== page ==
In addition to the free gig at Finsbury Park Rage Against the Machine are set to headline European Festivals in June 2010 including the Download Festival at Donington Park, England, Rock am Ring and Rock im Park in Germany and Rock in Rio Madrid in Spain. [10] They are also to perform in Ireland on 8th June and The Netherlands on 9th June [11]

Political views and activism

Rage Against the Machine burning the American flag at Woodstock 1999

Integral to their identity as a band, Rage Against the Machine voice revolutionary viewpoints highly critical of the domestic and foreign policies of current and previous US governments. Throughout its existence, RATM and its individual members participated in political protests and other activism to advocate these beliefs. The band primarily saw its music as a vehicle for social activism; De la Rocha explained that "I'm interested in spreading those ideas through art, because music has the power to cross borders, to break military sieges and to establish real dialogue."[61] Morello said of wage slavery in America:

America touts itself as the land of the free, but the number one freedom that you and I have is the freedom to enter into a subservient role in the workplace. Once you exercise this freedom you've lost all control over what you do, what is produced, and how it is produced. And in the end, the product doesn't belong to you. The only way you can avoid bosses and jobs is if you don't care about making a living. Which leads to the second freedom: the freedom to starve.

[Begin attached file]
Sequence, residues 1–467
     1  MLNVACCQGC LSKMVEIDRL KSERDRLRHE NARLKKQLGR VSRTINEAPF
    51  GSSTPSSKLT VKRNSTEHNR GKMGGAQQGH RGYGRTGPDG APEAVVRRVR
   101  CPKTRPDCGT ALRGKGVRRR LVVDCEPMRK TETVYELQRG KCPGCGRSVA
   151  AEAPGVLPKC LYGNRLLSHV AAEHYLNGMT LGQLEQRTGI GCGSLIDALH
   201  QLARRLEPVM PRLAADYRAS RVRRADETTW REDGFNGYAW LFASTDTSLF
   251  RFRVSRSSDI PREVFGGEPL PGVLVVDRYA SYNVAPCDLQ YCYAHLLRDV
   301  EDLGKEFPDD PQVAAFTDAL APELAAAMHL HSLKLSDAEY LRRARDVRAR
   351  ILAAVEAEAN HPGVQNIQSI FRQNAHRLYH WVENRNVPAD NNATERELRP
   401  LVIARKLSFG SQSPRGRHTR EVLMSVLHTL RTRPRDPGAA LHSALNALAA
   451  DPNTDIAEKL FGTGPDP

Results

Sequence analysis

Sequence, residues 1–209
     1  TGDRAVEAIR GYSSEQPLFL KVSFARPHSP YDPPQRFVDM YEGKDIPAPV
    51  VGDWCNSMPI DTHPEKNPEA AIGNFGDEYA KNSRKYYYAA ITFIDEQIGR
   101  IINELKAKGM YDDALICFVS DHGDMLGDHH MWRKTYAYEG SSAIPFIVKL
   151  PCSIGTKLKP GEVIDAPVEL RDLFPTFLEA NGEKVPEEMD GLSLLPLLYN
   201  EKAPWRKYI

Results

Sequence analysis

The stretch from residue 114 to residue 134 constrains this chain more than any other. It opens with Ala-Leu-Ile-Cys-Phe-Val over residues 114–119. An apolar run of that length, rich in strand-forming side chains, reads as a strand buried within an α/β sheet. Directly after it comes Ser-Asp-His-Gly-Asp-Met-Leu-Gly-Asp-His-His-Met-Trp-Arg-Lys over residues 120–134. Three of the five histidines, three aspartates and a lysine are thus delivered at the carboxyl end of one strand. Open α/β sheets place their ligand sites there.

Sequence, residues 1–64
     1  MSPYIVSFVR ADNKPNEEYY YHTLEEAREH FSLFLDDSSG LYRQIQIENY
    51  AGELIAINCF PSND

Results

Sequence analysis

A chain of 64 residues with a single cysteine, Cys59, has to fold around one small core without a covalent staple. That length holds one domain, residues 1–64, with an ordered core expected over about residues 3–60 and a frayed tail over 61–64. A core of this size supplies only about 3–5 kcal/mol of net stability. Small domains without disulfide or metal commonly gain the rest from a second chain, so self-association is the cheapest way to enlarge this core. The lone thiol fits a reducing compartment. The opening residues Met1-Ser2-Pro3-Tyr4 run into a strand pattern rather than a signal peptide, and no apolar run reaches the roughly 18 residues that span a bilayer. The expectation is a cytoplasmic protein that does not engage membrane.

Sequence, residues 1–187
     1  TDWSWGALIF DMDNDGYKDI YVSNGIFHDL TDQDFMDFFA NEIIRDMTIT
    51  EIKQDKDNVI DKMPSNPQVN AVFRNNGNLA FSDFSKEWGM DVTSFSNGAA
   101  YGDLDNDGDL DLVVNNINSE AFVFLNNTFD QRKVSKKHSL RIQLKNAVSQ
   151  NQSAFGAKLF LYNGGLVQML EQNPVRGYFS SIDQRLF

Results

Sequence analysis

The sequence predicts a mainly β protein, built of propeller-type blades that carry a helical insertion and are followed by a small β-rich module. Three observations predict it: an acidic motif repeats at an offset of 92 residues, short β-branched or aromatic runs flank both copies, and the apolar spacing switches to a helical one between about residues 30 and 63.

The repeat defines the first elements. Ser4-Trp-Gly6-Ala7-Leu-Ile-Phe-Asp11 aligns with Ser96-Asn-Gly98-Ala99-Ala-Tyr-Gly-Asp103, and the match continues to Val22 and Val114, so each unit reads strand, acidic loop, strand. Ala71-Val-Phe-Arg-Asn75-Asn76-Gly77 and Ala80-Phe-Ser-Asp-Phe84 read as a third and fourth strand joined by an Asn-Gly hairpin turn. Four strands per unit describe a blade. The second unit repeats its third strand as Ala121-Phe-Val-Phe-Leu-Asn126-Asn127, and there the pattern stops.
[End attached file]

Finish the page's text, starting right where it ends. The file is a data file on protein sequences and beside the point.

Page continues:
— Tom Morello, Guitar World[62]

Meanwhile, detractors pointed out what they regard as the tension between voicing commitment to leftist causes while being millionaires signed to Epic Records, a subsidiary of media conglomerate Sony Records.[63] Infectious Grooves released a song called "Do What I Tell Ya!" which mocks lyrics from "Killing in the Name", accusing the band of being hypocrites. In response to such critiques, Morello offered the rebuttal:

When you live in a capitalistic society, the currency of the dissemination of information goes through capitalistic channels. Would Noam Chomsky object to his works being sold at Barnes & Noble? No, because that's where people buy their books. We're not interested in preaching to just the converted. It's great to play abandoned squats run by anarchists, but it's also great to be able to reach people with a revolutionary message, people from Granada Hills to Stuttgart.[7]